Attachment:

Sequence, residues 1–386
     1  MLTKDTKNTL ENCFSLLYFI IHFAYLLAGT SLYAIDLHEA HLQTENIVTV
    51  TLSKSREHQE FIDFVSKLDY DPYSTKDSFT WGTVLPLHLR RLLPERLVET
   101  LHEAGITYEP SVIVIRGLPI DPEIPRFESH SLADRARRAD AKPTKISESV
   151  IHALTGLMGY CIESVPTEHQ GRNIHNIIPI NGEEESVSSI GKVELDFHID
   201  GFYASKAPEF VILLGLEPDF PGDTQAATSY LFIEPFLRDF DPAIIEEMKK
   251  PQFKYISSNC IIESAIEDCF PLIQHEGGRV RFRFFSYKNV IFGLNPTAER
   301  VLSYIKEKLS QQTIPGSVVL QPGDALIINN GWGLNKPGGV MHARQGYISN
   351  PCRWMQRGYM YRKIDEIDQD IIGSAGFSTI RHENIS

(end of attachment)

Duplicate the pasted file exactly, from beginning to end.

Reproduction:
Sequence, residues 1–386
     1  MLTKDTKNTL ENCFSLLYFI IHFAYLLAGT SLYAIDLHEA HLQTENIVTV
    51  TLSKSREHQE FIDFVSKLDY DPYSTKDSFT WGTVLPLHLR RLLPERLVET
   101  LHEAGITYEP SVIVIRGLPI DPEIPRFESH SLADRARRAD AKPTKISESV
   151  IHALTGLMGY CIESVPTEHQ GRNIHNIIPI NGEEESVSSI GKVELDFHID
   201  GFYASKAPEF VILLGLEPDF PGDTQAATSY LFIEPFLRDF DPAIIEEMKK
   251  PQFKYISSNC IIESAIEDCF PLIQHEGGRV RFRFFSYKNV IFGLNPTAER
   301  VLSYIKEKLS QQTIPGSVVL QPGDALIINN GWGLNKPGGV MHARQGYISN
   351  PCRWMQRGYM YRKIDEIDQD IIGSAGFSTI RHENIS